Sophie, Barnaby's girlfriend, serves as his "angel," in line with a Gaitlin family tradition. As such, she shows why it is never a good idea to ask an angel to stay. Sophie refuses to struggle with time and change, preferring to sacrifice her money more than her heart. Through Sophie, we see how we could have lost the truth left in the wake of those who came into our lives briefly and departed quickly. Such people often effect us most deeply; sometimes they completely change our direction in life. Such encounters hold only time enough for possibility and no time at all for the mundane disappointments that mark all our closest relationships. In the end, perhaps we should rejoice that our angels left us as quickly as they did.
I have noticed that in each of Ms. Tyler's books there is a short passage or moment that remains with me long after I finish the book. In "The Accidental Tourist" it is a short passage in which one of the cousins asks Macon if his dead son will forgive him for forgetting what he looked like. In this book, there is a short passage in which Martine, Barnaby's Amazonian female partner at Rent-A-Back, describes being surrounded by children who think that she is old. It's a touching description of the surprise that one must feel when one realizes that one is old, more powerful because it is framed by one who eschews both tradition and weakness.
"A Patchwork Planet" is highly recommended. It's a keeper, as are all of Ann Tyler's books.
7 of 7 people found the following review helpful
on August 6, 2000
sighed, and said "What a great story!", thus waking my husband and drawing his wrath (we were both extremely jet-lagged at the time). It was that good.
It's so easy to get jaded about books today - often the books touted on the bestseller lists are, well, less than impressive. Then comes along a book like A Patchwork Planet, reviving my delight in reading. Original characters, situations, problems - yet so relatable. Barnaby touched me with his impetuous kindnesses, his slides into self-pity, and his reluctant wish to believe that his life is worth having an angel enter it.
And, oh, the other characters! I wanted to slap his mother and yell at Sophia. My lord, how could they do him like that? When a reader gets so into a book that they're shaking it in anger at a character, you know the author has done their job.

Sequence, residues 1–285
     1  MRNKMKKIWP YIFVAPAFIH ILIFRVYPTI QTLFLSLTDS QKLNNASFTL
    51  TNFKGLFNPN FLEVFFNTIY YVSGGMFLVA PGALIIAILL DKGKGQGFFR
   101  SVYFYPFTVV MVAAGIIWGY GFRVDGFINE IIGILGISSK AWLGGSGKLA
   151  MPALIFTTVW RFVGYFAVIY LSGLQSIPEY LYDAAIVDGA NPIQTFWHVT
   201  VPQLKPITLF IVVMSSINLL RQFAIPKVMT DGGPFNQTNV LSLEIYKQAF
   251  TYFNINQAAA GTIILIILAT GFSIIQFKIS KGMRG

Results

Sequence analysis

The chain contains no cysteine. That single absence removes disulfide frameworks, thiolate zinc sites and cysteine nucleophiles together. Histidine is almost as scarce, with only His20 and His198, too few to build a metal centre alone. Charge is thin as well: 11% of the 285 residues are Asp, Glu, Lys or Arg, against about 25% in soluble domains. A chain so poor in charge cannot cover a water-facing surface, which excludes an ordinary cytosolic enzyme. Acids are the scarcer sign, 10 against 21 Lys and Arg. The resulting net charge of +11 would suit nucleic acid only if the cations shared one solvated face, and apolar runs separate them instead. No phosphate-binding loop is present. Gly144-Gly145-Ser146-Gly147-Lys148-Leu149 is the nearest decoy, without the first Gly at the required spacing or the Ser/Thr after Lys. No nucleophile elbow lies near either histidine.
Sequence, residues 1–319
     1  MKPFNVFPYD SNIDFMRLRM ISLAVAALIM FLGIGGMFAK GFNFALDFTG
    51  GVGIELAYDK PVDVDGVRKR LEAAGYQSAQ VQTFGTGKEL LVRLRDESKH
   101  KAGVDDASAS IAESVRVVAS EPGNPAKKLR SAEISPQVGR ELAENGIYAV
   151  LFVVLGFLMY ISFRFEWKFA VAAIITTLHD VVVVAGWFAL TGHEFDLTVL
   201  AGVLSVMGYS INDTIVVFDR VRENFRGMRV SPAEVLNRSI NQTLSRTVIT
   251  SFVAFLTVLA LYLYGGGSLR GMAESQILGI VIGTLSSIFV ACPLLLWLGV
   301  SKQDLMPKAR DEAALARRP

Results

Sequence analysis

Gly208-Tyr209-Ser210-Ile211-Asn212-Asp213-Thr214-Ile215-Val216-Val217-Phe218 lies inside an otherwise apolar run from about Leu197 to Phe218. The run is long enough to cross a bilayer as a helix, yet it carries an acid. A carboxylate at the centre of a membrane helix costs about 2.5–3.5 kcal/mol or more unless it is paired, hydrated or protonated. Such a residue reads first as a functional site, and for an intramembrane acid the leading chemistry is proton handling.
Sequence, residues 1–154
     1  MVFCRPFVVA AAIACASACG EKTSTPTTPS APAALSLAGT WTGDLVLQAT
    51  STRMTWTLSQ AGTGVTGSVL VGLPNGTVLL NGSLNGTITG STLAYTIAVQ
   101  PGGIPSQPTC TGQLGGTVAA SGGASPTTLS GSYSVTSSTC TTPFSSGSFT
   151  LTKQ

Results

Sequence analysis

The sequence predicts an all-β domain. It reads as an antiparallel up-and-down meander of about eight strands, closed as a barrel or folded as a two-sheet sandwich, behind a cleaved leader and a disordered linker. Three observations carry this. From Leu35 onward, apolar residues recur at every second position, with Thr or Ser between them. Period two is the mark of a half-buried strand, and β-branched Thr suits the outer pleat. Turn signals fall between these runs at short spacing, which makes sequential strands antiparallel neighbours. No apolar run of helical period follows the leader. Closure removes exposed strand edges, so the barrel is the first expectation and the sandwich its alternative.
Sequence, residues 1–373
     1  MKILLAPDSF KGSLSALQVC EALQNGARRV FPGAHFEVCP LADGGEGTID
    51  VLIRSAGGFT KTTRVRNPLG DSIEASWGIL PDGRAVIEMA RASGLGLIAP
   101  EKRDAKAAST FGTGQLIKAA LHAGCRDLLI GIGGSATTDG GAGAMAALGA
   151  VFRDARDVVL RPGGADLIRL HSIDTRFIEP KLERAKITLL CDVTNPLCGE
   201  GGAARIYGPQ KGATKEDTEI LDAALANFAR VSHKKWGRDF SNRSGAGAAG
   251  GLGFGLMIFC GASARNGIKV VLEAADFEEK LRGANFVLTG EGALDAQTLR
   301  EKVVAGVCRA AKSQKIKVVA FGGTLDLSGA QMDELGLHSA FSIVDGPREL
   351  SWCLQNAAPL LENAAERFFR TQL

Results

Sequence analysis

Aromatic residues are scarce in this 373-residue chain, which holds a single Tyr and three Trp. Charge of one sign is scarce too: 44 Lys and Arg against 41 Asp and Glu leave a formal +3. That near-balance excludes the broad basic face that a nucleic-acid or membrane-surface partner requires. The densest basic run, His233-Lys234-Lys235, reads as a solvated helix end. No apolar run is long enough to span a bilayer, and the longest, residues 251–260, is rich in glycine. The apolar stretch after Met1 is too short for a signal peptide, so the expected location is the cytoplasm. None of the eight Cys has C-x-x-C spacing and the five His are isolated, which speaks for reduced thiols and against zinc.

I've read Accidental Tourist and Breathing Lessons (both gems); now I'm going to have to read the rest of Ms. Tyler's books.
10 of 11 people found the following review helpful
on September 22, 1999
Barnaby is the little boy who wants to do good and be a human being. But he is thwarted by his own destructive impulses. Mrs Dibble is his Jiminy Cricket, Sophia his blue angel. However, one thing's missing: we all know Pino came from a block of wood, but where did Anne Tyler dig up Barnaby? This guy has everything cut out for him to be successful, but what caused all his early pent-up aggression that led him to crime? His father seems civilized enough, though his mother is probably more than the average pain in the rear. Nor are his parents doting enough to make him a spoiled rich brat. In any case, if readers accept that Barnaby is merely 'different', then the rest of the story holds well. Despite his off the wall behavior, Barnaby shows a good heart all through the story, and not just in the ending. Anne Tyler writes well in her familiar witty prose, but with a tinge of sadness and cynicism that I hadn't noticed in her previous work.
13 of 15 people found the following review helpful
on July 18, 2003
No one can create quirky, beguiling, harmless misfits as well as Anne Tyler, and in A Patchwork Planet, Barnaby Gaitland steps onto the page. He's the black sheep of an affluent family, living in a rented basement studio, divorced, wanting to be a better father to his daughter, working for Rent-a-Back, a service company that does household jobs its elderly clients can no longer manage. Along comes 'an angel,' and his life seems to take a major turn for the better. But niggling in the background of this too-perfect arrangement are hints of Barnaby's dissatisfaction - and he can't quite put his finger on what's wrong with the relationship till he's accused of theft. Then his REAL angel is revealed.
Wonderful plot structure, wonderful characters, wonderful conclusion.
10 of 11 people found the following review helpful
on March 12, 1999
I've had this book since it came out, but, oddly enough, just got around to reading it. I'm so thankful that I did. Anne Tyler has that magical gift of being able to make me feel something every time I read her work. Barnaby is a person, in a long line of people she has created, who has such extraordinary things to say, and such a simply truthful way of saying them. I always find Tyler's characters to be incredibly engaging - likeable in an honest, wrinkled sort of way. And I always find myself deeply touched by their lives, and the oh so human way they live them. Barnaby, of course, is no exception. He's struggling with something we all struggle with - what gives our lives meaning? And I think Tyler has answered that question beautifully.